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Can ovarian cysts be cancerous?

14 April 2023

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You may have noticed there have been a few stories in the news about ovarian cancer being misdiagnosed as ovarian cysts recently. Ovarian cysts are common and are usually non-cancerous. We spoke to Dr Brooke Vandermolen, an Obstetrics and Gynaecology doctor, to find out more.

What are ovaries?

The ovaries are two small glands that sit close to the fallopian tubes and uterus. The ovaries produce eggs inside follicles which are like little sacs. Each month a few follicles will develop and one or two will be ‘chosen’ to fully develop and release an egg during ovulation. During ovulation the follicle will become fluid filled and release an egg which is picked up by one of the fallopian tubes through which it passes it to the uterus.

What is an ovarian cyst?

Usually after ovulation the follicle dissolves, but sometimes they remain and develop into a cyst. Most of the time cysts will go unnoticed causing no symptoms, and occasionally you might experience mild symptoms. Symptoms can include:

  • A dull and heavy feeling, or sudden severe and sharp pain in your pelvic area
  • Pain during sex
  • Difficulty emptying your bowels
  • Needing to wee more frequently
  • Heavy, irregular or lighter periods than normal
  • Bloating
  • Feeling full after a little food.

How common are ovarian cysts?

With 2 in 10 women developing at least one ovarian cyst in their lifetime, they are fairly common.

Are there different types of ovarian cyst and can they be cancerous?

Yes, there are several different types of ovarian cyst. Most of these are non-cancerous (benign) but occasionally they can be cancerous (malignant). Less than 1% of ovarian cysts before the menopause will be cancerous.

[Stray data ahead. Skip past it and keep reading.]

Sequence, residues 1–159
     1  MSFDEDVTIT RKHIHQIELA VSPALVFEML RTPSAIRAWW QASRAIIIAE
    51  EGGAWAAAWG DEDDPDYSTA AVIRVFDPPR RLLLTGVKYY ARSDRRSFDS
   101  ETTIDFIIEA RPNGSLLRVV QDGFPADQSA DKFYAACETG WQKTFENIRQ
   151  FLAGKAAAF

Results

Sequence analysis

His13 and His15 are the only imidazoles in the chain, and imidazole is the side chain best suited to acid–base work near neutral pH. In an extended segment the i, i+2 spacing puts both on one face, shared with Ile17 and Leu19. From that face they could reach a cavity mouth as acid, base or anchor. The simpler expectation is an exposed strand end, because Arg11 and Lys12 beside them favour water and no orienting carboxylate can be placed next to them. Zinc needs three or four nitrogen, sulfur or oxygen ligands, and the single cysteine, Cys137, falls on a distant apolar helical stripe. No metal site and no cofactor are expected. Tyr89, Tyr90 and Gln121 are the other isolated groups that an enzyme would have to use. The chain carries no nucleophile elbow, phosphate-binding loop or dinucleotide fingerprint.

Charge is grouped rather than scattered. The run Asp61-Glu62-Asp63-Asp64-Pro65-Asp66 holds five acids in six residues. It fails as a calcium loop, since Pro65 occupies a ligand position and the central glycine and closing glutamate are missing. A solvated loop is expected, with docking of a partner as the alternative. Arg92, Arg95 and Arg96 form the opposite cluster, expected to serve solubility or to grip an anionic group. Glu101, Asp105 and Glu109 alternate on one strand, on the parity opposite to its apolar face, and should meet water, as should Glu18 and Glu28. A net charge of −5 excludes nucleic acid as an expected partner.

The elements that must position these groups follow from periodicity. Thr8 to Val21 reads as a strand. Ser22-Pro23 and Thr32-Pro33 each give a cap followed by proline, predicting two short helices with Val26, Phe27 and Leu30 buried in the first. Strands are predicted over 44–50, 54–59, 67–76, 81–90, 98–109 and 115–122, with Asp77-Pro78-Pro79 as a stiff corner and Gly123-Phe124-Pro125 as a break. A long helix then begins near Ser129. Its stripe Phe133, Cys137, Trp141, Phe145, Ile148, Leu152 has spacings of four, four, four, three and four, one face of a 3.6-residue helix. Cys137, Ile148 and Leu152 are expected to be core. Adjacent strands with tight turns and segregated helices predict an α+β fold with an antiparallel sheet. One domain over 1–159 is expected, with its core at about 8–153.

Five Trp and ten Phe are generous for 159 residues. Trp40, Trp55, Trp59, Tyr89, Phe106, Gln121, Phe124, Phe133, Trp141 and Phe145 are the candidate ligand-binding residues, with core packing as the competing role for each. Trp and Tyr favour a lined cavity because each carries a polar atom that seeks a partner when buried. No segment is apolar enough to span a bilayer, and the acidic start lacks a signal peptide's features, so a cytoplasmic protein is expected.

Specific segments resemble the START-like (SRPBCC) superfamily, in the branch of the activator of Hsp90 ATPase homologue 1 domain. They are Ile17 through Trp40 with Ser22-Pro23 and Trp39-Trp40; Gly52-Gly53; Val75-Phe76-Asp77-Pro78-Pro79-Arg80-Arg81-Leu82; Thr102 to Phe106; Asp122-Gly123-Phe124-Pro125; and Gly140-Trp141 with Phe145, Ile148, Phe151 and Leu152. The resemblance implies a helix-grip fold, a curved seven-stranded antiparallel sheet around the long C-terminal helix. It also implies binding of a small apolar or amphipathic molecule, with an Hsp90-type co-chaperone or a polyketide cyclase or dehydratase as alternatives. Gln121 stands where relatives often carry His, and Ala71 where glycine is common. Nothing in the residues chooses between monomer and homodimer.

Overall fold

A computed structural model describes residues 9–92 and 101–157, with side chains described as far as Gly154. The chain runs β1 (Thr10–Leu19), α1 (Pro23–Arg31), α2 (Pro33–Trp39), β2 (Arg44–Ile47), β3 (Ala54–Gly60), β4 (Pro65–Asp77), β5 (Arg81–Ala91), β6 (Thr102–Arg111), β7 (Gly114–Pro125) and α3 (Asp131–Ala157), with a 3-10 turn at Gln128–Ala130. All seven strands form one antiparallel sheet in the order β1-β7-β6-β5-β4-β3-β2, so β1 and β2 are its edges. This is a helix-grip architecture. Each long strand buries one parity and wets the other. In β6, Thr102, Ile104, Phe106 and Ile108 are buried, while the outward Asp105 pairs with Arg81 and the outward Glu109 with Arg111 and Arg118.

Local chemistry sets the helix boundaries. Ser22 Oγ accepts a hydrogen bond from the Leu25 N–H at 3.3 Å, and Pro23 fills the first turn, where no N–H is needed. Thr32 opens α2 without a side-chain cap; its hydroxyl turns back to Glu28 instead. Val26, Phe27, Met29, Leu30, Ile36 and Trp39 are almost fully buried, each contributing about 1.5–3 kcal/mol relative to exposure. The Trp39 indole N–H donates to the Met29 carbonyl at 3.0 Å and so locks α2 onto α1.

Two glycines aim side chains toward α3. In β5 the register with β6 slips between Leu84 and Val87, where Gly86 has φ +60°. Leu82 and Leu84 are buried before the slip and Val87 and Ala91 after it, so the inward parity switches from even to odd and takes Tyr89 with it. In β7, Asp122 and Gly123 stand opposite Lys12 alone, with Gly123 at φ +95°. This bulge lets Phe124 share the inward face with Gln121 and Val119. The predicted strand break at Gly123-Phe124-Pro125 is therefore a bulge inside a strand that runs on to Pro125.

• Corpus luteum cyst – these cysts develop when the follicle closes after the egg has been released, allowing fluid to build up inside the follicle. These cysts usually disappear within 1 month. They occur every month to produce hormones that would support a growing pregnancy, and disappear if pregnancy doesn’t occur.
  • Cystadenomas – these cysts develop from cells on the surface of the ovary. These tumours are usually non-cancerous (benign) but occasionally they can be cancerous (malignant).
  • Dermoid cyst – these cysts are sometimes called teratomas, and develop when cells become trapped inside ovarian tissue. They are most often seen in women between the ages of 20 and 40. These tumours are usually non-cancerous (benign) but occasionally they can be cancerous (malignant).
  • Endometriomas – you may get this type of cyst if you have endometriosis. This type of cyst occurs when cells similar to the endometrial tissue, attach to an ovary and cause a build up of blood which forms a cyst.
  • Follicle cyst – these cysts develop when the egg fails to be released from the follicle. These cysts usually disappear within 3 months.
  • Polycystic ovary syndrome (PCOS) – is a condition where the multiple eggs begin the process of maturation in the follicle but they are not released. This means the ovary gives the appearance of being filled with lots of small cysts.

What are the symptoms of a cancerous ovarian cyst?

Symptoms of ovarian cysts and ovarian cancer are very similar. Ovarian cancer symptoms include:

  • Persistent stomach pain
  • Persistent bloating
  • Difficulty eating or feeling full more quickly
  • Needing to wee more frequently

If you are experiencing these symptoms, it is important to speak to your GP as soon as possible. Your GP should refer you for an ultrasound scan and if a cyst is found you may have a follow up ultrasound scan a few weeks later. If there is any concern that your cyst is cancerous, your GP should arrange CA125 blood test and refer you to a gynaecologist for further investigation.

What should I do if I don’t feel I’m being listened to?

Monitor your symptoms on a daily basis and keep a record to take to your GP. You may want to take a friend or family member for support. If you don’t feel you are being listened to by your GP, you can ask to see another GP at your surgery or consider changing your surgery. 

Dr Booke Vandermolen is an NHS doctor training as a Registrar in Obstetrics and Gynaecology in London. She has experience clinically dealing with all aspects of women’s health and pregnancy, including assessing patients with a range of gynaecological concerns, and performing surgical procedures.